Reflecting on an artwork

Solace & Sorrow | Muslin & PVA cast of found figure | Height 15 cm | 2018 | POA |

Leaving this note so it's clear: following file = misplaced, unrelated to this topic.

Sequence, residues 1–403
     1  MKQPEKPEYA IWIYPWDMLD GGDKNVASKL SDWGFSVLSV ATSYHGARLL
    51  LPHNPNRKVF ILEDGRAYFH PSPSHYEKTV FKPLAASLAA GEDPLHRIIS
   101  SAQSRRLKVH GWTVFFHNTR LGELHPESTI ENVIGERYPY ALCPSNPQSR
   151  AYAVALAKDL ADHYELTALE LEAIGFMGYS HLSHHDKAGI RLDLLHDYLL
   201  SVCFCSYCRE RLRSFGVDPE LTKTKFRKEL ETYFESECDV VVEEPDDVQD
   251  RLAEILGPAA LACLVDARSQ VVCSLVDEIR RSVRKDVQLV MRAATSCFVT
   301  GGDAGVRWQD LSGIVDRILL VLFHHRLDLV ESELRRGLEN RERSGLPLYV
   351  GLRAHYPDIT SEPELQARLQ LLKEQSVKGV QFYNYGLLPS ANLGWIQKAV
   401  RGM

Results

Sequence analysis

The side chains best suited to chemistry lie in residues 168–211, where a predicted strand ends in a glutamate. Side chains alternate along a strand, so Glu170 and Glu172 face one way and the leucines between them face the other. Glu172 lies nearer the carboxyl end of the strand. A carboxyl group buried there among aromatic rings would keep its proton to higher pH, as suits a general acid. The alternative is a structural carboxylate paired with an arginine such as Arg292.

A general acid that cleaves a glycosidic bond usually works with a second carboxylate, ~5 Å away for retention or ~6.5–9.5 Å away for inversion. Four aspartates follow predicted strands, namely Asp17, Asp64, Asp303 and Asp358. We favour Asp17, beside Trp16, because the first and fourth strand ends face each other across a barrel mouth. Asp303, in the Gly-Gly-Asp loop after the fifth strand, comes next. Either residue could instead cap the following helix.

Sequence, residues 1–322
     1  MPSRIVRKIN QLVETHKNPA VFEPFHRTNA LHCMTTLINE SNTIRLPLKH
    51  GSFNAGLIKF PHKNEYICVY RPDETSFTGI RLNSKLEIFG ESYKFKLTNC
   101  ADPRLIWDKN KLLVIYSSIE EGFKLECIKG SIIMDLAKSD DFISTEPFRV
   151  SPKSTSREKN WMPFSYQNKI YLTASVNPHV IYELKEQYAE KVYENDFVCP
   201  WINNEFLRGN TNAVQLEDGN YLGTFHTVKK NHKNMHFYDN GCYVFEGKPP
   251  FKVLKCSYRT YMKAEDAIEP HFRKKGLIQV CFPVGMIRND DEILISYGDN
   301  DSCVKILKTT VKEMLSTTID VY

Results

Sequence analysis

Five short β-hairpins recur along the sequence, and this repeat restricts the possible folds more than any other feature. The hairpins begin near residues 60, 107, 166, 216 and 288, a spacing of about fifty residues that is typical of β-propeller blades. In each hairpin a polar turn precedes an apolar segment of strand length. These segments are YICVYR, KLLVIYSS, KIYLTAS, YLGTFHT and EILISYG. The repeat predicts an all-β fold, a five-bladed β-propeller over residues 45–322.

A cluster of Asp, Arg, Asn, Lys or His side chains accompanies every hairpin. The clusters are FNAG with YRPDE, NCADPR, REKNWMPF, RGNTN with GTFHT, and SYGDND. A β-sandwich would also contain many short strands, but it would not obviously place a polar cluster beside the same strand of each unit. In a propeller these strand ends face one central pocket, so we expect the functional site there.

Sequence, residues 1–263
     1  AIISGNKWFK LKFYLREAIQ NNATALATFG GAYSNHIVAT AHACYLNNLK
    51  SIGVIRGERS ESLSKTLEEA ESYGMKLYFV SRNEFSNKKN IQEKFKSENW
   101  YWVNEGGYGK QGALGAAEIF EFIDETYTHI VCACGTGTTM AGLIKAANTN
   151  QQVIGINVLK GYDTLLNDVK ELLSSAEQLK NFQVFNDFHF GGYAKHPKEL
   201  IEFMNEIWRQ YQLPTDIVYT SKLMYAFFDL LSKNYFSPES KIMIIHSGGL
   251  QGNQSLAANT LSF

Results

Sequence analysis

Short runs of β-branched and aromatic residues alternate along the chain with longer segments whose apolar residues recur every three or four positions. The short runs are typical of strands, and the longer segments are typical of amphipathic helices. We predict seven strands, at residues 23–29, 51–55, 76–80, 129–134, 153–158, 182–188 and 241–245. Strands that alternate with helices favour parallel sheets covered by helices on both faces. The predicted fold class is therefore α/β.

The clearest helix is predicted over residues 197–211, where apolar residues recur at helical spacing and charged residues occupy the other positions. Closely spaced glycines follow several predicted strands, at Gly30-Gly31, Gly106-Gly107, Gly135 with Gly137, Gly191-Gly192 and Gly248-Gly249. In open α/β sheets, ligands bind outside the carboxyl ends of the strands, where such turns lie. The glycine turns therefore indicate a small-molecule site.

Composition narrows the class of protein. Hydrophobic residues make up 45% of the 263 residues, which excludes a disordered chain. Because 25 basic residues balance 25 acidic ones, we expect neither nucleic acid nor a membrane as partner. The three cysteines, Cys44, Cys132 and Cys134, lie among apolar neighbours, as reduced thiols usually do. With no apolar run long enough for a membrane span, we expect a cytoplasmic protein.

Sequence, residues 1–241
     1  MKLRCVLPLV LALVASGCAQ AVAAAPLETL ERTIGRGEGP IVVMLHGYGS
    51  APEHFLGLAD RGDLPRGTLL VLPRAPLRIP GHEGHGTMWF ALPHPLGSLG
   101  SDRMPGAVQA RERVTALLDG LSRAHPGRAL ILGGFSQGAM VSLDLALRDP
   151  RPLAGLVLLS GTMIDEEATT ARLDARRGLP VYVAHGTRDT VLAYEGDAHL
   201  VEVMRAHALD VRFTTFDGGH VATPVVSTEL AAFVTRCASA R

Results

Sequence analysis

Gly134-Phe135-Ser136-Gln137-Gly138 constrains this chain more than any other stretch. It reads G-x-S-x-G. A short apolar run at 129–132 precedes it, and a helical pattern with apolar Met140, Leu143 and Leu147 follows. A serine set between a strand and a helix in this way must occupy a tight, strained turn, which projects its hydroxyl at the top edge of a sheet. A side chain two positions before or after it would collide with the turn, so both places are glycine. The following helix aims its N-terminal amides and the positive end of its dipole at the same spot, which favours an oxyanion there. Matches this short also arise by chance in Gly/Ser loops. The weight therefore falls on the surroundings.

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I don’t usually analyse my own work but the questions I’ve been asked about the symbolism of my muslin figures has prompted me to do so.  The original acrylic figure from which the muslin copies were made is in a protective pose, her arms wrapped around her knees, her head buried in her arms.  The acrylic is transparent and allows the light to pass through her.  I don’t know where the idea came from to make copies of her – probably it followed on from other things I’ve done with muslin.  But mostly it was a response to the ongoing distressing news of the violence done to girls and women all over the world.  Fabric is analagous to skin and none more so than delicate muslin.  I tore it into strips and glued these onto the acrylic figure with PVA.  In order to release this ‘mould’, I had to cut the muslin up the back.  Even then it was very difficult to prise off so that once I’d succeeded it hardly resembled a human shape at all.  But then I pressed it back onto the figure and removed it the next day when,  to my amazement, the muslin held its shape.  Quite intuitively I decided to stitch the back A Muslin Figure with Suturesopening the way a surgeon would repair a wound, with black sutures.  This I realise is clearly symbolic of the hurt done to women, of how many are broken and fractured by their situation.  And yet I don’t feel that I have made a victim.  At this stage I am now very connected to this fragile object I have made and my actions have moved from intuitive to intentional.  My intention is that the sutures are not shameful to her but to the people who inflict wounds on women and to a society that allows such things to happen.  I do not see her as burying her head in shame or despair but rather in a pose of self-contained sadness.  The muslin has quite ragged edges and is translucent in the light so one can see the criss-cross of the strips, like the fragments of a life lived.  She is small, fragile, hollow and light as a feather, as if she could float away to a less troubled place.  I have made ten of them so far, each one different to the last; each one unique, as in life.  They look stronger in a group, something I suppose we’ve always known, that there is strength in numbers.